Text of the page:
>As for the Humphrey business. The anti-war movement didn't have to endorse
>Humphrey or rejoin the Democratic Party; all we had to do was cut him a
>little slack the last weeks of the campaign and then him. Instead, we
>promoted the idea that a victory for Nixon would create a revolutionary
>situation that would benefit us. We were wrong in terms of the analysis
>that went into that position and in what ultimately happened. Sometimes
>it's better to vote for the lesser of two evils when the other guy
>represents true, rather than rhetorical, evil.
Im sure there were some folks out there but there was never a movement,
official line, etc.saying Nixon would be better because he would radicalize
The Dems had been murdering 1000's of Vietnames a day and it would be a tad
hypocritical for the left to come anywhere near them.
And the Dems tried harder to hide their imperialism is liberal slogans.
That had to be exposed.
>Whatever the differences that Jeff, I and others share, we are, I believe,
>in solidarity in opposing the Bush Administration and the coming war.
>Stuttering: A Life Bound Up in Words
>Abbie Hoffman: American Rebel
>The Dark Ages: Life in the US 1945-1960
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>---- Original Message -----
>>Sent: Friday, January 10, 2003 12:59 AM
>>Subject: Re: [sixties-l] response to Cox and Blankfort
>> > Despite our different interpretations of what was wrong and right
>> about the anti-war movement, I do not put Marty Jezer in the same
>> category as I do Tod Gitlin who seems to be edging his way into the
>> current anti-war movement, if for nothing else than to get more material
>> for another book, to become an expert on the current movement, and to
>> smear anyone who suggests this war might also be "for Israel" as an
>> antisemite or a self-hating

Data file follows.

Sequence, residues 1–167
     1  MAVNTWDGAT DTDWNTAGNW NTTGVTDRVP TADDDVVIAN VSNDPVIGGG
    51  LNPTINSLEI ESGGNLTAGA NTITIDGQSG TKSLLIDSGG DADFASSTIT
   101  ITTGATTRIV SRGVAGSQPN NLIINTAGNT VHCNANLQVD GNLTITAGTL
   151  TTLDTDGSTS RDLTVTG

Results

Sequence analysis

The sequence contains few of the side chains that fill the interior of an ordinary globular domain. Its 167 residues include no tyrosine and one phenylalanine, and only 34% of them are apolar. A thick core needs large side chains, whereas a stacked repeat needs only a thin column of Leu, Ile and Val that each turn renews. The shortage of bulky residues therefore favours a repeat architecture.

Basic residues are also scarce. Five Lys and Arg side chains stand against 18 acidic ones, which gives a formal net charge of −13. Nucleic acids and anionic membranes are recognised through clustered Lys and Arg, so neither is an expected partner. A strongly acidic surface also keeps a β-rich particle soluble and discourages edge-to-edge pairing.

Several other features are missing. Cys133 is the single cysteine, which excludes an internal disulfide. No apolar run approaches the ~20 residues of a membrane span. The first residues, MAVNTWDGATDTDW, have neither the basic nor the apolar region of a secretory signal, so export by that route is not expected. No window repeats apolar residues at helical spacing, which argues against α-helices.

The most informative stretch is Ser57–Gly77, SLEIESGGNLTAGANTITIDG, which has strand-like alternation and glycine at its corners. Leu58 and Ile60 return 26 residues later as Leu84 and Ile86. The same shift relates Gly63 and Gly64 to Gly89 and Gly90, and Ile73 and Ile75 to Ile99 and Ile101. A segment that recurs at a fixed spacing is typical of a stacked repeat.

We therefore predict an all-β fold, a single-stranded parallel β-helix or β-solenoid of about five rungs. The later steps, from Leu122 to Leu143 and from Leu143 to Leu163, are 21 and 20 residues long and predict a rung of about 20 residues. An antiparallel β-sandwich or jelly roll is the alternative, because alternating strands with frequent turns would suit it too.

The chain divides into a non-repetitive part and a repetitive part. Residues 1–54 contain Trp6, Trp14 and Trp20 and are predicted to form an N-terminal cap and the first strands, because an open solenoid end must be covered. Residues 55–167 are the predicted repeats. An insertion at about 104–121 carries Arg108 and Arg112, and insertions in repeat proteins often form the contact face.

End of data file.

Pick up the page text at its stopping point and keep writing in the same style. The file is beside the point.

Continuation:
>> > Jew. Probably, all three.
>>Regarding the position vis a vis Humphrey and the movement, Marty did not
>>deal with the apparent truth of what I had said, i.e., that, if the
>>movement, which had broken away totally from the Democrats, had
>>demonstrated anything close to a mindset that would have had it, or a
>>major segment of it, endorsing Humphrey, that mindset would have been
>>recognized by the Democrats and LBJ would not have dropped out of the
>>race. That's the point
>>that has been ignored.
>> > Marty Jezer wrote:
>> > I don't know where Carroll Cox is coming from but he certainly turned =
>> > what I wrote -- and what I consistently write and say -- totally around. =
>> > I've always stood for an inclusive movement -
>> > Trotskyists, pacifists, Democrats, socialists, anarchists, even =
>> > Republicans, as long as they are willing to accept the agreed upon =
>> > discipline of any demonstration. (I do agree with Jeff Blankfort however =
>> > that the sectarians in A.N.S.W.E.R. -- who deserve our thanks for =
>> > organizing the first of the anti-Iraqi War demonstrations should not be =
>> > allowed to control the planning of future demonstrations.)What's needed =
>> > is a broader coalition that reflects the diverse politics of all the =
>> > participants -- and that welcomes Jeff, Gitlin, and me.
>> > In the controversy that Cox is writing about, I was initially responding =
>> > to Blankfort's sentiment of excluding Gitlin from the movement for his =
>> > "incorrect" politics. In that vein Blankfort wrote:
>> > "I'm not surprised that Marty Jezer decides that the involvement of =
>> > Gitlin or anyone else in the anti-war movement is not to be questioned. =
>> > A couple of years back he joined Gitlin in criticizing the 60s anti-war =
>> > movement for not having had the sense to endorse Humphrey for president =